Sunday, January 15, 2012

Luke Part 55: Prophecies from the Olivet Discourse

Text: Luke 17:22-37

This section recorded here could also be referred to as the "Olivet Discourse".  Chapter 24 of Matthew contains a more detailed account of this discourse.  Matthew's account is targeted at the Jews, and contains more description to enable them to foresee the destruction in 70 AD.  There is also some prophecy applied to the Second Coming of Christ.  Luke's gospel is targeted primarily at the Gentiles, so the account here is more broadly applicable.

This passage might be considered as "meat"... not the simple "milk" that is easy to digest, but rather a teaching for those who are already strong and wise to digest.  The prophecies contained in this passage are mysterious; there is not unanimity of opinion in these verses.  Some thinks are known and some things are hidden; here are a few observations:

In the first section, verses 22-25, Luke records the words, "days will come when you will desire to see one of the days of the Son of Man".  Jesus' followers will suffer in this life.  A time will come for some of them when they will want for it to be finished.  You may have to suffer greatly in the service of the King.  In all these things, you are expected to be joyful; remembering that it is in trials where you will meet Him.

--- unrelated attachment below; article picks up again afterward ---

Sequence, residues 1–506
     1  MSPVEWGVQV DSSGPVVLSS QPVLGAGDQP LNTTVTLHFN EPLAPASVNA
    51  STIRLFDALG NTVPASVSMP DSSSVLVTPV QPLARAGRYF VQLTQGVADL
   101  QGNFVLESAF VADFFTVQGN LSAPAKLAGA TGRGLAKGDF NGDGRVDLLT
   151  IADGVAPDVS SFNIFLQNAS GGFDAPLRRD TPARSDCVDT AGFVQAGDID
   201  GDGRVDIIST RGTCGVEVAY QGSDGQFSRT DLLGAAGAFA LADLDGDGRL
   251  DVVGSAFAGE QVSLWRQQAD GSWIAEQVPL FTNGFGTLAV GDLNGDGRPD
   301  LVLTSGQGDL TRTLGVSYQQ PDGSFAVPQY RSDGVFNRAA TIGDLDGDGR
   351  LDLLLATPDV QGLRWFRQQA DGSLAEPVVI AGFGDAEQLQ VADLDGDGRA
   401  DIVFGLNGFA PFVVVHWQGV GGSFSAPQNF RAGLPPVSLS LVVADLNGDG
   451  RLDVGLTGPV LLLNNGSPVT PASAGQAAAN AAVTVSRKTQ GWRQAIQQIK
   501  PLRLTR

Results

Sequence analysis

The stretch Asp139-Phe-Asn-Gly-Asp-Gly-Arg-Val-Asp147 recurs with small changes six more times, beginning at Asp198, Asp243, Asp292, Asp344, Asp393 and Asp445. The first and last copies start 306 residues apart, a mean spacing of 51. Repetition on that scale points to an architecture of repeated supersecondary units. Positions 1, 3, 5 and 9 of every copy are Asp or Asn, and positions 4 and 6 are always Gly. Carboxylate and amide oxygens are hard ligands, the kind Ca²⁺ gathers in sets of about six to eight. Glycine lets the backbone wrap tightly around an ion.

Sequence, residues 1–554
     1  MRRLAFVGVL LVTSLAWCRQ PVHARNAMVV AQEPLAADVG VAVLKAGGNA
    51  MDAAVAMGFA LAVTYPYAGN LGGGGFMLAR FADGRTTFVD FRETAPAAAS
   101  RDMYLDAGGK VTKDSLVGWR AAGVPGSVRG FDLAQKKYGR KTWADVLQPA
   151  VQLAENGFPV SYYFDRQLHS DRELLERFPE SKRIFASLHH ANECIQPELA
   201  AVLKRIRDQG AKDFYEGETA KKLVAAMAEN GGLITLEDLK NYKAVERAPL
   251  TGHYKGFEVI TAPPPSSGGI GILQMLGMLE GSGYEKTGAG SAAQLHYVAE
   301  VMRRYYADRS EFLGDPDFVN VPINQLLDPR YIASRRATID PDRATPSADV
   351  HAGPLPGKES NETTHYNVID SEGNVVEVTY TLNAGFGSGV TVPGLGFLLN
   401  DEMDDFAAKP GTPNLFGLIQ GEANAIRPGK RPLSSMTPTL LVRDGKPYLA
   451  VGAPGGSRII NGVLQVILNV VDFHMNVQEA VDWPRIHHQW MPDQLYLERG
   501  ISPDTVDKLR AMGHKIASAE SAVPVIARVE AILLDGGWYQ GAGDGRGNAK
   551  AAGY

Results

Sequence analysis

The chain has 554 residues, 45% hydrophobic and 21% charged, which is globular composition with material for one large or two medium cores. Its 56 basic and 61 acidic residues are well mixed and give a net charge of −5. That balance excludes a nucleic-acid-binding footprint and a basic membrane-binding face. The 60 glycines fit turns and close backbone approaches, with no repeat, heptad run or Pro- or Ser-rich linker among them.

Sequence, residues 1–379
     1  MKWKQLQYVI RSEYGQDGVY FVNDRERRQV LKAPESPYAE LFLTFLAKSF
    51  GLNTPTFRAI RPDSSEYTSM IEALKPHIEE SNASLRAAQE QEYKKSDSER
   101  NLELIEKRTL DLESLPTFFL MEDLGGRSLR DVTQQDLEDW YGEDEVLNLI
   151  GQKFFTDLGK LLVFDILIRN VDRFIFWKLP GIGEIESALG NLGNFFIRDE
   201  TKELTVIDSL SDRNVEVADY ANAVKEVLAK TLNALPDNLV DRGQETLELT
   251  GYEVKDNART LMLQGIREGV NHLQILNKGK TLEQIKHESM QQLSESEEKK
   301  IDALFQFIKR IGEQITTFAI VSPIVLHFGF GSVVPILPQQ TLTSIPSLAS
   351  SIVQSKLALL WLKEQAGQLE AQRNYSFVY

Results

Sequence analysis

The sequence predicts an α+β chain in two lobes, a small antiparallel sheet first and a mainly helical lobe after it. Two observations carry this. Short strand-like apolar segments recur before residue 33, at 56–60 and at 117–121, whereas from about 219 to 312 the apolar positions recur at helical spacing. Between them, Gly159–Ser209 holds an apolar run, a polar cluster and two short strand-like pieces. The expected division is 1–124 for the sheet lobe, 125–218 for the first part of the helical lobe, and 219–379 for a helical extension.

Note that some will say "Here is Jesus!".  But, where Jesus truly is, you don't need for it to be pointed out.  When Jesus is at work, His people will know it.  When the Son of Man is at work upon the earth, it will be clear for all to see.

The second section encompasses verse 26-33.  It begins with a comparison to the times Noah and Sodom.  From this we see that when the Son of Man is revealed, there will be a sudden interruption of ordinary life.  In a similar way, people who escaped the destruction of Jerusalem in 70AD found that their lives were turned upside-down.

"Remember Lot's wife."  Those who cherish this life, those who long for this life, who cannot bear for it to be interrupted, these will be those who lose their life.  For Christians, life in this world is secondary -- they love the Lord more than they love this life.

The third section covers verses 34-36.  The basic principle here is that every individual must deal with the Lord on his won.  There are two people that seem identical, working and living together, but only one is taken.  The other is left to suffer the judgment that awaits those who reject Christ.

Finally, we get to verse 37.  This verse is difficult to apply.  Note that the disciples as "Where" not "When" will these things take place.  Jesus doesn't give a direct answer pointing to a particular place.  His response is sort of like a proverb such as, "if the shoe fits..."  The fulfillment of these things may occur in different places and in different ways.

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